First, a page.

Wednesday, April 22, 2009

The wild centre of Laos

From Vientiane, we boarded the bus to Tha Khaek, and roughly a minute later, a hoard of about 10 Lao guys stormed the bus. No they did not rob us, they just wanted to sell sweets. And their technique was cruel. Give the stuff to you and ask and ask and ask and ask again. I bought one strawberry sweet and given the pressure he put on me, that was a good achievement!

The bus ride to Tha Khaek was a lot of fun. It was a non-aircon local bus, so my friend got a totally brown shirt by the end of the trip due to the dusty roads and the open windows. I on the other hand got allergic reactions on my arms, no idea why. The landscape was fascinating. All in all it looked like Australia, the vegetation, the flatness and also the colour of the earth. Once in a while we would cross a huge river, and spot dramatic mountains on the horizon.

To the front left, I noticed a boy sitting who looked a bit different than the others. He wore clean clothes and had hints of a sense of fashion. He was young but looked quite ok. He also turned around every 5 minutes or so and when I saw him, he turned away hastily. About halfway through the trip, I noticed that he belonged to a family of 8 (!) and that his parents were sitting next to me. Ouch, luckily I didnt flirt too much, but anyway, it was cute to see how happy he was to see a gay farang!

Tha Khaek is THE place i fell in love with most during my Lao trip. The city has a historic, French style centre and is sitting on the Mekong with a few bars lined along the riviera. The sunset over Thailand was absolutely fabulous. Before sunset however, we went on a stroll through the side-streets of Tha Khaek and we found Vietnamese shophouses, huge new villas, dirt roads with kids playing and many unbelievebly friendly locals. I could not believe how happy the people of Tha Khaek were to see me!

The next day, we went on a cave-trip with a personal guide which would lead us to inland towards Vietnam, where many caves as well as a lake can be looked at. The caves were stunning, especially the buddha cave, where I got a personalised new year blessing from a monk, wishing me a beautiful wife and success in football. This is also where I lost the cover of my swank DSLR camera - a good beginning to the new year!

Then we went swimming in a lake inmidst mountains. There was no one to be seen, or was there? A group of 5 boys were swimming, playing and jumping in the lake - an amazing sight! Interestingly, an older farang suddenly swam past me and eyed me suspiciously. There was also an older very feminine looking Lao guy and another Lao man on the scene, all belonging to the same group. Very odd, I could not figure out their relationships...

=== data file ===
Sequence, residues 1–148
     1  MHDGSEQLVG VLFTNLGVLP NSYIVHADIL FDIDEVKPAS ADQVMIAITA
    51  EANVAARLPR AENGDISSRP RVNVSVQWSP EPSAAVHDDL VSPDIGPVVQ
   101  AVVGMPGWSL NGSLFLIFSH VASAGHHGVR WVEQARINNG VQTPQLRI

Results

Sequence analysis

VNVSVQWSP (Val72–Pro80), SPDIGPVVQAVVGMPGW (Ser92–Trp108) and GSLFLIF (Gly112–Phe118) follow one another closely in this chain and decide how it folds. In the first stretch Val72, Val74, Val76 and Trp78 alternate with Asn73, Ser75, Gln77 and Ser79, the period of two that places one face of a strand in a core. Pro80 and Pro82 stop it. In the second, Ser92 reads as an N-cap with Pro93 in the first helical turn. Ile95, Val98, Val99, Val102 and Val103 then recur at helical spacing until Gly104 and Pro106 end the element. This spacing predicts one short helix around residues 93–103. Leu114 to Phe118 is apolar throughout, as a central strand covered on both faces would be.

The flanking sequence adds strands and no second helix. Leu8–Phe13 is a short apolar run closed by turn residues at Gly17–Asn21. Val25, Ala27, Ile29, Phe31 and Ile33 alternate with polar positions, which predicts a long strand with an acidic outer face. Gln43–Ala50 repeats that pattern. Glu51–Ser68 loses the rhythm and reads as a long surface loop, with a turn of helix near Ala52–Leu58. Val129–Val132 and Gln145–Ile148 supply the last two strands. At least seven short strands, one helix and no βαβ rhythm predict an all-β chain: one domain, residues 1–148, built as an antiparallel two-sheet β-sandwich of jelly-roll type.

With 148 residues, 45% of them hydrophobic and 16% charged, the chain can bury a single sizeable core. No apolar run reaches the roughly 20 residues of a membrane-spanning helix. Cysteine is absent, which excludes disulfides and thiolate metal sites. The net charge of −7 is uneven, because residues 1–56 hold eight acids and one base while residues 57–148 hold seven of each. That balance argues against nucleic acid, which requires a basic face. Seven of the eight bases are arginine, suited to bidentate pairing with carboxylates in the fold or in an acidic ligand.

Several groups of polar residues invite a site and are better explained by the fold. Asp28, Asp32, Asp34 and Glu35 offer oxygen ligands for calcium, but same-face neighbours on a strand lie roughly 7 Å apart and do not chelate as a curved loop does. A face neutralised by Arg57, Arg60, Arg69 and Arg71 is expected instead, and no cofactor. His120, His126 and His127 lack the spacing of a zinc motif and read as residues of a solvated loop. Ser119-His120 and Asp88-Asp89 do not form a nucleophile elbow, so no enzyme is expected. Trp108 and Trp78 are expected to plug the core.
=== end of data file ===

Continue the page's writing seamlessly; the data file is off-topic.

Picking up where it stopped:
When I came out of the lake (of course pretty much at the same time as the guys) one guy just walked up to me and started talking to me. Sadly, I had to go as the guide and my friend were waiting for us and I couldnt really justify holding up our trip. However, I struggle to forget this guy's friendliness, frankness, and to be honest, his looks too. I just find it incredible that someone would just come up to me and start talking to me - amazing Laos.

Then, we had to move on south - to Savannakhet. I do not know what to write about this town, except that it was about the biggest dump I had ever seen. Laos is poor, I know that but the dirtiness, the dark streets, barking dogs and boys on bikes paired with just about the shittiest riverside and the worst food in Laos did not leave a good impression.

That is not the whole story though, there has to be some gay twist. For some reason, there was a restaurant cum drinking place right next to our guesthouse. I asked my friend if she wanted to drink some Beer Lao and she agreed.

As we sat down, I slowly started to notice that this must have been the local gay hangout. Out of all the people in and around the restaurant only my friend and another fag-hag were not gays. One guy eyed every single man walked past - and he was a hottie. Behind me, a femme guy listening to Thai pop and dressed like a semi-fashionable Bangkokian. further behind me, some guy sitting on the street, constantly eyeing me.

By the time I left, they had left too and I talked a bit to the three other guys who were still left. One was lovely and he told me how well I could speak Lao etc... He was nice and spoke good English too. I left soon however, possibly the right choice, because I was drunk already.

In the morning, we left Laos and right now, I am typing this from an internet cafe in Khorat.

Laos was amazing and I fell in love with this country, especially its people. There was a surprising amount of gay contact and interest and I think I could have had "closer" contact with at least four people...it was surprisingly not an easy place to be in a relationship, and to be honest, it was a serious test for me. My time in Laos of course fits nicely in with the articles I wrote about "being in a relationship".

I will go and have dinner now and write a wrap-up article about Laos as soon as I have settled back in Bangkok.

2 comments:

Anonymous said...

I'm sure all your readers will join with me in wishing you and your wife a very happy new year. :) Ian

BB said...

Thank you. And I hope you dont splash us with too much water...:)